If you’re doing a podcast or webinar, you might want to take a lesson or two from Stuart McLean. McLean has a show on CBC radio called The Vinyl Cafe. In it, the popular author and humorist delights listeners with stories of everyday life in small-town Canada.
McLean reads his stories in front of a live audience. Later they’re played on the radio or published as podcasts. I went to a live recording. On stage was a music stand, a script and a microphone. I expected McLean to walk in, say a few words and then start reading.
Instead, he bounded on stage like a puppy. He quickly engaged the audience, connected with them through topical and regional references, and then got down to the business in hand.
McLean was mesmerizing. He never stood still as he read. He gestured all the time. He expanded and contracted his body like an elastic band. He shifted his weight constantly from one foot to the other. He smiled. He frowned. He raised his voice. He lowered his voice.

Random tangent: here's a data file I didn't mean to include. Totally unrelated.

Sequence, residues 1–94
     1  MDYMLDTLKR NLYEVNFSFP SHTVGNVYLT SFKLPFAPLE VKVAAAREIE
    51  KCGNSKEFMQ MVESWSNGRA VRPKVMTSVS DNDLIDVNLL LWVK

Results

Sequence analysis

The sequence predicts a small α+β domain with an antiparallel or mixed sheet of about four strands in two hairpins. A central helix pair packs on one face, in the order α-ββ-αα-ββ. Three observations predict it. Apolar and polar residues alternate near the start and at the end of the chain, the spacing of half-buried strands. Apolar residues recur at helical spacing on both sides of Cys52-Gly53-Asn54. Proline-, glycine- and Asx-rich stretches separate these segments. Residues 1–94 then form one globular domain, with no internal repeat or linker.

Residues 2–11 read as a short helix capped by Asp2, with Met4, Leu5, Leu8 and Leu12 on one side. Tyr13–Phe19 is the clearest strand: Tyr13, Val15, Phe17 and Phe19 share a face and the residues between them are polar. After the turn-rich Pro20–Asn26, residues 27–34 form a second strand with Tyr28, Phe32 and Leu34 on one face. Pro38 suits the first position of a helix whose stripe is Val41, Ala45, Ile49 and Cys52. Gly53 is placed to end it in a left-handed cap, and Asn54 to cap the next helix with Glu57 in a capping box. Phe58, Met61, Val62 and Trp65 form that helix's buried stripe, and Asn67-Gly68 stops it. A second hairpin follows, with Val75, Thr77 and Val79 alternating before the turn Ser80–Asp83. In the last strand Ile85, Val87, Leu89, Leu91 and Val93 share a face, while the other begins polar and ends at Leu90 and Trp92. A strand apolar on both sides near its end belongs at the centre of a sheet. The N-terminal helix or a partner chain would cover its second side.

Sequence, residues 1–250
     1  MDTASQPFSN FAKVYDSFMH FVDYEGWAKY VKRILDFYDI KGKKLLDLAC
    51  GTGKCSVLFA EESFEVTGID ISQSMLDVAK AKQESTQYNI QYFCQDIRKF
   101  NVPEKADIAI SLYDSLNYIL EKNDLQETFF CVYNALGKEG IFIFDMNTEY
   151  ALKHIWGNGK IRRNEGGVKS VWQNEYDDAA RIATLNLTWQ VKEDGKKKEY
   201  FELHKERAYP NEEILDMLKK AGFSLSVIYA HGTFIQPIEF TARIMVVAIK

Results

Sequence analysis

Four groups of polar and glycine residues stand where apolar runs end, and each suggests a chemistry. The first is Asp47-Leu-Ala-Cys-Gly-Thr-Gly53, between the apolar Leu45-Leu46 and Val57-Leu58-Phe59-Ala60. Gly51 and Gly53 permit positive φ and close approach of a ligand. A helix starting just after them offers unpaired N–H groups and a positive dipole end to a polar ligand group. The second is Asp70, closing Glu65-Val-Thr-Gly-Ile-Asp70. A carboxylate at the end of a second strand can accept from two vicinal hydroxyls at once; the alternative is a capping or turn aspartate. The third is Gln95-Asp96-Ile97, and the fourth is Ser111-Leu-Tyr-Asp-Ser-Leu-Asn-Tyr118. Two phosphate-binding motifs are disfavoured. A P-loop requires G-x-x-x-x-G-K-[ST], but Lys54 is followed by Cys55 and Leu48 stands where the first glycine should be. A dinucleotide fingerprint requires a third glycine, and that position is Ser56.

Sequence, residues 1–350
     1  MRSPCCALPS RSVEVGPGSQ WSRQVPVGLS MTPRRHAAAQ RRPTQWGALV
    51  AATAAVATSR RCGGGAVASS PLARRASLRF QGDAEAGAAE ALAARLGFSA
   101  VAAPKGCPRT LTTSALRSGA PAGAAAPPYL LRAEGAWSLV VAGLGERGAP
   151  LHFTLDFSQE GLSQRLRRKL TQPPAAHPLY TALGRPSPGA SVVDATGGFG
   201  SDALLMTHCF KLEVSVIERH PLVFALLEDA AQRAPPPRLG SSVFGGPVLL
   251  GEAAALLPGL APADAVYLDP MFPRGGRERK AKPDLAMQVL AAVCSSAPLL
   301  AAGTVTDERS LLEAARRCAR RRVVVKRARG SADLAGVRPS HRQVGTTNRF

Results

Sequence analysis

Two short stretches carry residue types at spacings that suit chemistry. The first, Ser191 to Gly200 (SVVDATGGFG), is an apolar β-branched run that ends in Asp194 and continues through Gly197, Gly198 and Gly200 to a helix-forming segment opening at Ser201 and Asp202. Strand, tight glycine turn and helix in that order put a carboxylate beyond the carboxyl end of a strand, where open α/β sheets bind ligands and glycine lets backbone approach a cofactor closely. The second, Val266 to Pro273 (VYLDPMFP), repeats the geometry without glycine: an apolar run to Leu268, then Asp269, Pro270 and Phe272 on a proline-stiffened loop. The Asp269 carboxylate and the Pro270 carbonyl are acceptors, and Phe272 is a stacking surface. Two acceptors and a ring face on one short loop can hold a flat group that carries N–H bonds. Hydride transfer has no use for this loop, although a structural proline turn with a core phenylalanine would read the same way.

McLean infused his reading with passion and energy. And that bought his stories to life, not only for the live audience but also for anyone hearing them on the radio or via podcast.
Body language and tone are important aspects of our presentation skills coaching. So here are a few tips for when you do a podcast or webinar:
- Use a music stand or some type of lectern for your script. Improvise if necessary. You can work wonders with a cardboard box or a pile of books.
- Always stand. That way you will free your hands to gesture and your body to move.
- Get energized. Try some quick energy-building exercises just before you deliver.
- Shift your weight from one foot to another when you speak. Use you whole body as an instrument for communicating meaning and emotion to the audience.
- Maintain a consistent distance from the microphone so your audio levels are always the same.
- Vary your tone appropriately. Smile. The listeners will hear the smile in your voice.
- Get passionate about your content. Don’t be afraid to show that passion when you speak.
- Always imagine your audience as you’re speaking. You’re not talking to the microphone. That’s just the conduit that links you to real people who are really interested in what you have to say.